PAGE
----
Dems: Congress rejected part of Trump’s car emissions rollback

Dems: Congress rejected part of Trump’s car emissions rollback
© Greg Nash

A trio of Senate Democrats says Congress has specifically rejected the Trump administration’s argument that California doesn’t have the authority to set its own greenhouse gas emissions for cars.

Sens. Tom CarperThomas (Tom) Richard CarperDemocrat asks for probe of EPA's use of politically appointed lawyers Overnight Energy: Study links coronavirus mortality to air pollution exposure | Low-income, minority households pay more for utilities: report OVERNIGHT ENERGY: Democrats push resolution to battle climate change, sluggish economy and racial injustice | Senators reach compromise on greenhouse gas amendment stalling energy bill | Trump courts Florida voters with offshore drilling moratorium MORE (D-Del.), Ed MarkeyEdward (Ed) John MarkeySchumer: 'Nothing is off the table' if GOP moves forward with Ginsburg replacement Democrats see fundraising spike following Ginsburg death Democratic senator calls for eliminating filibuster, expanding Supreme Court if GOP fills vacancy MORE (D-Mass.) and Dianne FeinsteinDianne Emiel FeinsteinBiden leads Trump by 12 points among Catholic voters: poll Names to watch as Trump picks Ginsburg replacement on Supreme Court McConnell says Trump nominee to replace Ginsburg will get Senate vote MORE (D-Calif.) wrote to Environmental Protection Agency (EPA) acting head Andrew Wheeler and Transportation Secretary Elaine ChaoElaine Lan ChaoChick-fil-A drops fight for San Antonio airport location Overnight Defense: US marks 19th anniversary of 9/11 attacks | Trump awards Medal of Honor to Army Ranger for hostage rescue mission | Bahrain, Israel normalizing diplomatic ties Trump marks 9/11 with moment of silence on Air Force One, remarks in PA MORE with what they say is evidence that lawmakers turned down the opportunity to preempt California’s authority in 2007, when debating a major energy conservation bill.

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It is a pushback against the administration’s proposal, released this summer, to revoke California’s authority. That revocation is part of a larger proposal, dubbed the Safer Affordable Fuel Efficient (SAFE) Vehicles rule, that would stop federal car efficiency and emissions rules from getting stronger between 2021 and 2026, as the Obama administration had envisioned.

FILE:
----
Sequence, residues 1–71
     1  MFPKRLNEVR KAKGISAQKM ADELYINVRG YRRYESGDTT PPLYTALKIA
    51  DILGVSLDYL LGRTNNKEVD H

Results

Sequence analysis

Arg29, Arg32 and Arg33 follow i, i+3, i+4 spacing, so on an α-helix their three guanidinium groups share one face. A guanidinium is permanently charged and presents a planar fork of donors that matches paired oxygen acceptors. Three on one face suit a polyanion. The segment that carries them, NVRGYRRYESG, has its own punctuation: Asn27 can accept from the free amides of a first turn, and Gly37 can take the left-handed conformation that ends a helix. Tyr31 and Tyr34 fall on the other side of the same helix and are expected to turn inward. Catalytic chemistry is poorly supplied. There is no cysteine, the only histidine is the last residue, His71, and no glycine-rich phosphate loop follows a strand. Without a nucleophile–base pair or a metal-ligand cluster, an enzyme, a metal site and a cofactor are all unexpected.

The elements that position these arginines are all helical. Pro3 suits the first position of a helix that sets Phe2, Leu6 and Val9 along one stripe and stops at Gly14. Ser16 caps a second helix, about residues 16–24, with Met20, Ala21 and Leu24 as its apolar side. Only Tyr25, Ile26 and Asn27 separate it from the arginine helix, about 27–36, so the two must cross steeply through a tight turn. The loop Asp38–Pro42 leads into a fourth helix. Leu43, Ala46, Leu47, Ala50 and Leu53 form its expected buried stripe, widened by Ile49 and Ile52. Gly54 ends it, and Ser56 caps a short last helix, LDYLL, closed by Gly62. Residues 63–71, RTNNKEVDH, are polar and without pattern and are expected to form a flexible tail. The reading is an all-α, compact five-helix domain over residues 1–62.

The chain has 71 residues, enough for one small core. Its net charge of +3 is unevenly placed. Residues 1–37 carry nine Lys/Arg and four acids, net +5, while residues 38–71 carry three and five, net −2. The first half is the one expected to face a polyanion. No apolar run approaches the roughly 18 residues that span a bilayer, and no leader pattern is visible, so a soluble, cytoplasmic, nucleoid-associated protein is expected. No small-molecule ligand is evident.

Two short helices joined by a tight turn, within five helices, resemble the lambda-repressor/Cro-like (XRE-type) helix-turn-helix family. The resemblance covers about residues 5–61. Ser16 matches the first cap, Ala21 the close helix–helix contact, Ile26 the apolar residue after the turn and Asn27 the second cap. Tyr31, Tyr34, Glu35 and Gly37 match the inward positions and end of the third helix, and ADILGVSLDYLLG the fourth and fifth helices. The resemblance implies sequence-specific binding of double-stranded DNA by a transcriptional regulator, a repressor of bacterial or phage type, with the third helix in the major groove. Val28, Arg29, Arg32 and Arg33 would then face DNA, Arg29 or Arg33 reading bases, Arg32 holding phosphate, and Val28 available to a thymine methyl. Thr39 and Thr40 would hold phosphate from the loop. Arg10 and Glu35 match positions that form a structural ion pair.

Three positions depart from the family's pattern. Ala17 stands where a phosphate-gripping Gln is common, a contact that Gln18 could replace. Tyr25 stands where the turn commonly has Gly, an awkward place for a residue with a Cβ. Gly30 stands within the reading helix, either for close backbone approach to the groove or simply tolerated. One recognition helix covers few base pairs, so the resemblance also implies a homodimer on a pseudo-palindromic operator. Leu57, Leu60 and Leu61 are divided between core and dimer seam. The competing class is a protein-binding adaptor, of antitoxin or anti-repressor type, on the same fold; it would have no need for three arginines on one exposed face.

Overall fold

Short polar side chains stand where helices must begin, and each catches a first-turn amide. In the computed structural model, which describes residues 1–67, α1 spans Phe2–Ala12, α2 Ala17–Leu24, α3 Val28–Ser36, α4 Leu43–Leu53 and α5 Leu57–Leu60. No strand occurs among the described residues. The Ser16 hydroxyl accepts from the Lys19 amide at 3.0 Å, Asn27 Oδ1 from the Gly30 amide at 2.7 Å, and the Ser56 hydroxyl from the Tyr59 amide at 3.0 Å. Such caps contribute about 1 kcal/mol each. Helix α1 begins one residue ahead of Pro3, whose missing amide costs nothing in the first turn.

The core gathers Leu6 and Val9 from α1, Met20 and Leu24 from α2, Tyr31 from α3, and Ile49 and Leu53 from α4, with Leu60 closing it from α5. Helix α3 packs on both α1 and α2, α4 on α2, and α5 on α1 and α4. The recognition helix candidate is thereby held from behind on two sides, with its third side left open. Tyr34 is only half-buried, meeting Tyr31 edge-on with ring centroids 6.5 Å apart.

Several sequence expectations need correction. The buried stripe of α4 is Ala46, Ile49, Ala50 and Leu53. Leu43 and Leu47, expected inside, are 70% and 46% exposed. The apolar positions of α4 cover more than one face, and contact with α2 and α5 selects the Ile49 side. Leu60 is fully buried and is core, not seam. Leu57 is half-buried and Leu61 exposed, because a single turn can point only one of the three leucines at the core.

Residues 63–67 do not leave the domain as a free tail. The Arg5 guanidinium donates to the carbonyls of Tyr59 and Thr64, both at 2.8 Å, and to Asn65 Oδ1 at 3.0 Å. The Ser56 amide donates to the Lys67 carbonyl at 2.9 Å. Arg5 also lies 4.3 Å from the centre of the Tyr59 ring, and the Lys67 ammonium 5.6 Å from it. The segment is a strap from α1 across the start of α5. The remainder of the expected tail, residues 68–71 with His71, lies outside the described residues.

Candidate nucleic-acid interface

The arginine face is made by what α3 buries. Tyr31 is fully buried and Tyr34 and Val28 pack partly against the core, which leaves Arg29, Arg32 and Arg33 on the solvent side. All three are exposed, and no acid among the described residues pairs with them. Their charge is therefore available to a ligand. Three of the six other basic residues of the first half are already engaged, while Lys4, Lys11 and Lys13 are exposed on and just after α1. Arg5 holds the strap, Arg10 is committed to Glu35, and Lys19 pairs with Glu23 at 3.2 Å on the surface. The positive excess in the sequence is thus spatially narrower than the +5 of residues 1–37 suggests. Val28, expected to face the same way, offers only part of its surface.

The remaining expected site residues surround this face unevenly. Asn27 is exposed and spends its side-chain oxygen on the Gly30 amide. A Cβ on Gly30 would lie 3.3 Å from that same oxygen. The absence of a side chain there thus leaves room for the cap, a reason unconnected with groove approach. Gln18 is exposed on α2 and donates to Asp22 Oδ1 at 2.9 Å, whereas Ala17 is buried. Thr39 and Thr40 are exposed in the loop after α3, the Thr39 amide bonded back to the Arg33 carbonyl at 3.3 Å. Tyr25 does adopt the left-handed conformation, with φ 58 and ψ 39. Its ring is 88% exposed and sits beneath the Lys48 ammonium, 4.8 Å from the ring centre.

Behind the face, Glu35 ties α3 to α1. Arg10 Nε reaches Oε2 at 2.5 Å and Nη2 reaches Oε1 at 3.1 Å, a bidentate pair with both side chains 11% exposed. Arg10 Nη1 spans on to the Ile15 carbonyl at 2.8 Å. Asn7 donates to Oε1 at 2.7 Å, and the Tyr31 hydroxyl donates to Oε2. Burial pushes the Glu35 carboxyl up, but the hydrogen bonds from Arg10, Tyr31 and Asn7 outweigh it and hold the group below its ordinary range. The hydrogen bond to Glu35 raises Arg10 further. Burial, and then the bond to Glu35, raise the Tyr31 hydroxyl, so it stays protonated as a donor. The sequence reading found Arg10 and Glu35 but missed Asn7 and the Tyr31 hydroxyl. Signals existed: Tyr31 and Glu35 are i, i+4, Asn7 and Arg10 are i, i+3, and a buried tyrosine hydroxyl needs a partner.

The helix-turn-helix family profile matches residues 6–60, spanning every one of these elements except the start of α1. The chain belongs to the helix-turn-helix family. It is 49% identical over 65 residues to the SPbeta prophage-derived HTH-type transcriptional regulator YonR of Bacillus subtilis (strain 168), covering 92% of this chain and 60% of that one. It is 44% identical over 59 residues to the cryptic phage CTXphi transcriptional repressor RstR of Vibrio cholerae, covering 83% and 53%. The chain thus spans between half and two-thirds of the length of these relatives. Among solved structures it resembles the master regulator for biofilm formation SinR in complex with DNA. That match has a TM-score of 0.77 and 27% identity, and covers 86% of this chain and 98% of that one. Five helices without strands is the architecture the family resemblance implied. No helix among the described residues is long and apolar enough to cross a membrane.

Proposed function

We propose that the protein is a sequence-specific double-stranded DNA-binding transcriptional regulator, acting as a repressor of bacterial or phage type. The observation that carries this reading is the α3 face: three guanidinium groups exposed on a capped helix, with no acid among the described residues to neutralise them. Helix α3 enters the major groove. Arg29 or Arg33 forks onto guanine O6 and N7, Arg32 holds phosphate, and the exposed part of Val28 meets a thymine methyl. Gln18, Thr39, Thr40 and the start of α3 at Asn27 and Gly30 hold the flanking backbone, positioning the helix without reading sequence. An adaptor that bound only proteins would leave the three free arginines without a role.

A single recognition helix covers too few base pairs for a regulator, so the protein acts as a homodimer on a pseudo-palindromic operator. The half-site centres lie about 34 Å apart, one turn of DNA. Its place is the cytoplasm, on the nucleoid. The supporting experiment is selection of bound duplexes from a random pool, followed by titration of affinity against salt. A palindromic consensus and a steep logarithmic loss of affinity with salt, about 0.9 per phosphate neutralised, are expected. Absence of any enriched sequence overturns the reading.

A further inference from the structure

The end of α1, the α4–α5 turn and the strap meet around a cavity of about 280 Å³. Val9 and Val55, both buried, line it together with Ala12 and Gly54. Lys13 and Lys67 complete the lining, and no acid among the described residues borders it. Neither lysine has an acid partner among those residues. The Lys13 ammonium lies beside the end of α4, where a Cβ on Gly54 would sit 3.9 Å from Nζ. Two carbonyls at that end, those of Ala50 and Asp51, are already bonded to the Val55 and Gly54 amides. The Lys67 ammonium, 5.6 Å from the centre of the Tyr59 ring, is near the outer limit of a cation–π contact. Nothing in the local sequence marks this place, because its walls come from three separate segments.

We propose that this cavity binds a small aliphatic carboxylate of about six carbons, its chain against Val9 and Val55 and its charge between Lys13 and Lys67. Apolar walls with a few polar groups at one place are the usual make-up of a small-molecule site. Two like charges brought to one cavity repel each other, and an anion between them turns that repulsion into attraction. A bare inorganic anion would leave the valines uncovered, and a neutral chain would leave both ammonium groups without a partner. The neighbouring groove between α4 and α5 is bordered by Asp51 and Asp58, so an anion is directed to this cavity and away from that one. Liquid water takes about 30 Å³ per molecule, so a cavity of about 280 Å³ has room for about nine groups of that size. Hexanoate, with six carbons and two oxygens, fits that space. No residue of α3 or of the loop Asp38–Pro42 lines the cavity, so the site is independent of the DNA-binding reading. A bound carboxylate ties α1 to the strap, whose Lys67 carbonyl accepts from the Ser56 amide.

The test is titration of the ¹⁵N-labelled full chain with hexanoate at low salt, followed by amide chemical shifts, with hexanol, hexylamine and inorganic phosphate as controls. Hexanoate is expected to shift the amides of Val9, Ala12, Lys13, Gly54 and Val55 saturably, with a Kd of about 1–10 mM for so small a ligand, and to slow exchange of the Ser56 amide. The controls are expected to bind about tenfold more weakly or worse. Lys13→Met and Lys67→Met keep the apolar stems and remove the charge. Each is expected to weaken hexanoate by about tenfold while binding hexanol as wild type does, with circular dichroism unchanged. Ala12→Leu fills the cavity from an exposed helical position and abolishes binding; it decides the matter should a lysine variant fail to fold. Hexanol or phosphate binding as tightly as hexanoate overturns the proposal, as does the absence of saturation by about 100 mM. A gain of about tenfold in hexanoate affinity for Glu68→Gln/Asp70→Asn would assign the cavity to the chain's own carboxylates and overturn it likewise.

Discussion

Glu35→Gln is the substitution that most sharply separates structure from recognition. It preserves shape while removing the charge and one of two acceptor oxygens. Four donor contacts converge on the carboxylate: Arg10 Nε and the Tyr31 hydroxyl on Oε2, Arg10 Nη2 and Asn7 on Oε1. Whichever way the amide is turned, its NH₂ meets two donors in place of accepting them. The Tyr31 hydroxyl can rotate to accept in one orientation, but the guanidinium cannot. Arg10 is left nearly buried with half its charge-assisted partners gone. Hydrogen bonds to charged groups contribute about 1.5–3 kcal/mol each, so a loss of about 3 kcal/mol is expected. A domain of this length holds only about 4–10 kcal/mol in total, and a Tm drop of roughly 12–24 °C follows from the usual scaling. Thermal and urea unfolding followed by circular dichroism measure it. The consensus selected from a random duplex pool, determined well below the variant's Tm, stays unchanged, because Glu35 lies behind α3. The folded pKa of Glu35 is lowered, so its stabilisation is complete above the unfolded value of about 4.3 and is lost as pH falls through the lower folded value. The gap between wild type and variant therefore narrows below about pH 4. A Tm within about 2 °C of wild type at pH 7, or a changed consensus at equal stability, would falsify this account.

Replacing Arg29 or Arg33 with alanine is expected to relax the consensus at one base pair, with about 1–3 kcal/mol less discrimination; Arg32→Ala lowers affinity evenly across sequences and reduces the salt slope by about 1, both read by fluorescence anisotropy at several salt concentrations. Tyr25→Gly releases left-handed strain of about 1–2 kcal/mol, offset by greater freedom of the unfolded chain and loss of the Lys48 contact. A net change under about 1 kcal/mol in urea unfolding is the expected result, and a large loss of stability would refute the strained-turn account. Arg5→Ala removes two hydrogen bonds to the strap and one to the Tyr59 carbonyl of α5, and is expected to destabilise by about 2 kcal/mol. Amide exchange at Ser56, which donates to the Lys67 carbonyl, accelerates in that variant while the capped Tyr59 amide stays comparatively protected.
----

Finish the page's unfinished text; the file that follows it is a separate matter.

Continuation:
“As elected officials who were deeply involved in the negotiation of the fuel economy provisions of [the Energy Independence and Security Act], we can attest to Congress’ intent that California’s authority under the Clean Air Act be preserved,” they wrote.

The senators said their evidence demonstrates “unequivocally that in the month before EISA was enacted, there were reported efforts on the part of the automobile industry, some members of Congress and the Bush administration to preempt, limit or otherwise constrain both EPA’s and California’s authority under the Clean Air Act.”

All the efforts were “rejected” and didn’t make it to the final law, they said.

When the 2007 bill was being debated, some in industry and some lawmakers were worried that the EPA, the Department of Transportation (DOT) and California would have overlapping or conflicting regulations on car efficiency.

The Obama administration resolved the potential issue by having both agencies and California agree to negotiate regulations together. But the Trump administration wants to undo that and revoke California’s authority to set separate rules.